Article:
Your debt-to-income ratio is one of the most important numbers regarding your personal finance. This number tells you how much debt you have compared to your income. It is a crucial factor in determining whether or not you will be able to qualify for a loan. This blog post will show you how to calculate your debt-to-income ratio and discuss what it means for your financial future.

What is the DTI Ratio?

A debt-to-income ratio is a number that compares the total debt you have to your income. The debt-to-income ratio (DTI) is how much of your monthly gross income goes toward paying your monthly debt. Lenders use this figure to decide if they're willing to lend you money and how likely they will be paid back.

A high DTI Ratio means you will have a tough time qualifying for loans as a lender might consider you to be a riskier customer which could lead to higher interest rates or even being declined for a loan.  A low DTI Ratio indicates you do not have any debts and can qualify for a loan with little to no qualifications.

What are the different factors that go into my DTI Ratio?

Existing Debt

The debt refers to your total debts, including credit cards, auto loans, student loans, mortgages, or other fixed or variable loans.


Your income is your gross (before tax) wage and the amount you receive from interest or dividends. It includes income from any retirement and pension funds, unemployment insurance, and welfare.

Credit Score

A credit score is a three-digit number representing the likelihood of you paying back a loan on time. A higher credit score indicates a greater chance that you will reliably pay back your loan.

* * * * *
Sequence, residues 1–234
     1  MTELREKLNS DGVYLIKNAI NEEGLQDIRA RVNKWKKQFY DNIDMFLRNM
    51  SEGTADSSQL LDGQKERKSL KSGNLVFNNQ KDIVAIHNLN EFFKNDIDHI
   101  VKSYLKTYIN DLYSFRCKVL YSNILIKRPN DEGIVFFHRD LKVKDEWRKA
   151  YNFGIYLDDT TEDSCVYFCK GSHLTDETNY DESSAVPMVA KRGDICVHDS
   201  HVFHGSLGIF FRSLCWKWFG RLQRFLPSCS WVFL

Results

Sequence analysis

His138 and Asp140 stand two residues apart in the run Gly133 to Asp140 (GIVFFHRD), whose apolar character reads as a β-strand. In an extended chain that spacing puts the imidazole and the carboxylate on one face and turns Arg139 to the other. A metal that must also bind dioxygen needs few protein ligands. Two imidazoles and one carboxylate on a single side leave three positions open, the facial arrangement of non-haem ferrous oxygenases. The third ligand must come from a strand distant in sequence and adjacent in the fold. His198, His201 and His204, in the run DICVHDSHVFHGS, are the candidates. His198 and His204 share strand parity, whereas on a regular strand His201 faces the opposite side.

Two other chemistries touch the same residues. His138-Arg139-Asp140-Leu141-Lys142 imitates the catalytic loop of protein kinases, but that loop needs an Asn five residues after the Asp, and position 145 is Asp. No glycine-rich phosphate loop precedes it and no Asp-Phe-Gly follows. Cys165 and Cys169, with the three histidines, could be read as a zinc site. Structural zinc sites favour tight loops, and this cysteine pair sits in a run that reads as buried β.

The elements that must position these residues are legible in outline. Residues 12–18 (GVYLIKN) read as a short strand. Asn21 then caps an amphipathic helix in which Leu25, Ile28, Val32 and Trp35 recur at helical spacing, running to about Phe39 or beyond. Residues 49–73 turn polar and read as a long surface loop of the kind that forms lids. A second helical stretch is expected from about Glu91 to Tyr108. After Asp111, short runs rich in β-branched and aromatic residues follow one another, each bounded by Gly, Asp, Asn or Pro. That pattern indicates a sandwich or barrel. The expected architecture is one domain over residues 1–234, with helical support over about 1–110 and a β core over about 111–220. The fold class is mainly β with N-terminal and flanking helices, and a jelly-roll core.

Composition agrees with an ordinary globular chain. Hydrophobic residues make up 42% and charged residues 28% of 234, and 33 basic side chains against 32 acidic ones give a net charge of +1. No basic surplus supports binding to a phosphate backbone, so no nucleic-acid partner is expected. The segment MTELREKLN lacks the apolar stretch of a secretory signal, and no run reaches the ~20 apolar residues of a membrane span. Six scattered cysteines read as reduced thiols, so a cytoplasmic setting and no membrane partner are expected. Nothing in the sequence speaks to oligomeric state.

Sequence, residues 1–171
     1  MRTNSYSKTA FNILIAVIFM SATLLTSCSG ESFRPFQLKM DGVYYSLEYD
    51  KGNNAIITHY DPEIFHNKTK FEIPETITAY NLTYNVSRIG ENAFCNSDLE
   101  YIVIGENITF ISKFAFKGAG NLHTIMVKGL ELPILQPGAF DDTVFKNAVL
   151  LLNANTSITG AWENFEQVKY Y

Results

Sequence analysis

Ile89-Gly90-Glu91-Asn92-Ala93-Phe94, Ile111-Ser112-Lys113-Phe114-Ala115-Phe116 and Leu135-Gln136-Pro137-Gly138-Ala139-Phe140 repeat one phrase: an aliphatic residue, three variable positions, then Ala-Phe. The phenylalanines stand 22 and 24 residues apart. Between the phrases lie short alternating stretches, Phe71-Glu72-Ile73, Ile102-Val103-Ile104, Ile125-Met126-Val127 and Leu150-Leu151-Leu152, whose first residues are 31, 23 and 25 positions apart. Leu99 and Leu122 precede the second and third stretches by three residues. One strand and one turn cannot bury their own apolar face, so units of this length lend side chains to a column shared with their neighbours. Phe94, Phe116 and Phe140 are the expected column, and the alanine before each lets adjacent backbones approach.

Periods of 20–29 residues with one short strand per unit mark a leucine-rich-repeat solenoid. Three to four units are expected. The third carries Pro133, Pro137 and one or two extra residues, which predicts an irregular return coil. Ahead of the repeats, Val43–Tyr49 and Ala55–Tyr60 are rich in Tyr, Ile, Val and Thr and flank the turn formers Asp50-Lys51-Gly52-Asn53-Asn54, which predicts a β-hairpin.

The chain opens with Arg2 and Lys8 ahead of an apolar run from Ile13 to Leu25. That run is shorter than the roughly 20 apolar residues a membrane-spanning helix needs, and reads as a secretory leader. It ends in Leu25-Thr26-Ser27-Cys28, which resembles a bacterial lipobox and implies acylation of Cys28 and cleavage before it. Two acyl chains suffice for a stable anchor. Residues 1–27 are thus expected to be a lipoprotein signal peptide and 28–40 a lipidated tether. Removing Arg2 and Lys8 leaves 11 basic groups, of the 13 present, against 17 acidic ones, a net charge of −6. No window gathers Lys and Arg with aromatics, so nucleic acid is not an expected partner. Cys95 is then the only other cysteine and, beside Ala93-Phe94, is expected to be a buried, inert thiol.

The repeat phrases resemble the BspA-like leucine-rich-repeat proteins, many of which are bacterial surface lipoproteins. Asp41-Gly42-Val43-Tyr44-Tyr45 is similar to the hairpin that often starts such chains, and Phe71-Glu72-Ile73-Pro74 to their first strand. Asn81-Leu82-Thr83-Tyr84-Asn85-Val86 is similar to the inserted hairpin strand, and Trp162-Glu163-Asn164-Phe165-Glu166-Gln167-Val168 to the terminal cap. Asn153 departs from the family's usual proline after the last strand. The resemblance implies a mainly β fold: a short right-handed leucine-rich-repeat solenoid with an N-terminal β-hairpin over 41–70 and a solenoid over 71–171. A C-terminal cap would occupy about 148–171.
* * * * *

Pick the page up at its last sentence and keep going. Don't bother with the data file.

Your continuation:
Your Credit Use

This refers to the amount of debt you have relative to your total debt. If this number is low, it could indicate that you are utilizing less debt than others. Conversely, if your use of debt is high, it could mean some trouble in your finances.

How to Calculate Your Debt-to-Income Ratio

To calculate your debt-to-income ratio, you should add all monthly income (including net profit from self-employment) and any fixed costs such as car payments, insurance payments, etc. Then, divide your total by your monthly debt payments.

For example, if you're paying $2,000/month on a mortgage and $500/month on car insurance while making $4000 gross income per month, your Debt-to-income ratio will be calculated as follows: 

Total Debt = $2,000 + $500 = $2,500

Gross monthly income = $4,000

Debt-to-income = $2,500 / $4,000 = 0.63 = 63%

The debt-to-income ratio is a common metric used to determine an individual's or business's financial health.

You can calculate it by dividing total monthly debts (usually costs) by income from all sources, including self-employment, investments, and other sources unrelated to employment. Individuals or companies can also use it to analyze how much leverage they have with their debt versus their income.

Can Your DTI Adversely Affect Your Credit Score?

No, your DTI cannot negatively affect your credit score. Credit reporting agencies don't keep track of your income so the debt-to-income ratio won't be on your report. But, the history of your debts matters to credit agencies, so make sure you pay your bills on time.